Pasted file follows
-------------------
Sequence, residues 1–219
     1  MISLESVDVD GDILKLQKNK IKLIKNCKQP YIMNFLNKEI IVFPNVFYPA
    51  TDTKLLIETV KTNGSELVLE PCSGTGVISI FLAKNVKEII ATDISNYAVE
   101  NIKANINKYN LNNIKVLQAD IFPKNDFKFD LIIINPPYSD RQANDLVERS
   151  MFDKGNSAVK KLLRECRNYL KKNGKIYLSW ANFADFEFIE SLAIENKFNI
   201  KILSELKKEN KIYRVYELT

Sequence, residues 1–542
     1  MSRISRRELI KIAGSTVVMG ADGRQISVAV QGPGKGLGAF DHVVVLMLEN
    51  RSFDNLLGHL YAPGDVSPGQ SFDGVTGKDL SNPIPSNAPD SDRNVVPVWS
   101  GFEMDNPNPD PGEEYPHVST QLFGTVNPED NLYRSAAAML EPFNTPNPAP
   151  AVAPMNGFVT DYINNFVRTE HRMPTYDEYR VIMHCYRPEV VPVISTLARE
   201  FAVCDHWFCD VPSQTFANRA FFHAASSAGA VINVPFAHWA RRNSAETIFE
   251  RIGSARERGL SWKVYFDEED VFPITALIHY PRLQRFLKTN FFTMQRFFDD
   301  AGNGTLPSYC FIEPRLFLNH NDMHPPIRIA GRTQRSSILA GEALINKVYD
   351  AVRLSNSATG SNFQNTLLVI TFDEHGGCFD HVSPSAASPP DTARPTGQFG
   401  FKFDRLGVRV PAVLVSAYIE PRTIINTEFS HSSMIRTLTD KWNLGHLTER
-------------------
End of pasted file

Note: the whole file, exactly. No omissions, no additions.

Sequence, residues 1–219
     1  MISLESVDVD GDILKLQKNK IKLIKNCKQP YIMNFLNKEI IVFPNVFYPA
    51  TDTKLLIETV KTNGSELVLE PCSGTGVISI FLAKNVKEII ATDISNYAVE
   101  NIKANINKYN LNNIKVLQAD IFPKNDFKFD LIIINPPYSD RQANDLVERS
   151  MFDKGNSAVK KLLRECRNYL KKNGKIYLSW ANFADFEFIE SLAIENKFNI
   201  KILSELKKEN KIYRVYELT

Sequence, residues 1–542
     1  MSRISRRELI KIAGSTVVMG ADGRQISVAV QGPGKGLGAF DHVVVLMLEN
    51  RSFDNLLGHL YAPGDVSPGQ SFDGVTGKDL SNPIPSNAPD SDRNVVPVWS
   101  GFEMDNPNPD PGEEYPHVST QLFGTVNPED NLYRSAAAML EPFNTPNPAP
   151  AVAPMNGFVT DYINNFVRTE HRMPTYDEYR VIMHCYRPEV VPVISTLARE
   201  FAVCDHWFCD VPSQTFANRA FFHAASSAGA VINVPFAHWA RRNSAETIFE
   251  RIGSARERGL SWKVYFDEED VFPITALIHY PRLQRFLKTN FFTMQRFFDD
   301  AGNGTLPSYC FIEPRLFLNH NDMHPPIRIA GRTQRSSILA GEALINKVYD
   351  AVRLSNSATG SNFQNTLLVI TFDEHGGCFD HVSPSAASPP DTARPTGQFG
   401  FKFDRLGVRV PAVLVSAYIE PRTIINTEFS HSSMIRTLTD KWNLGHLTER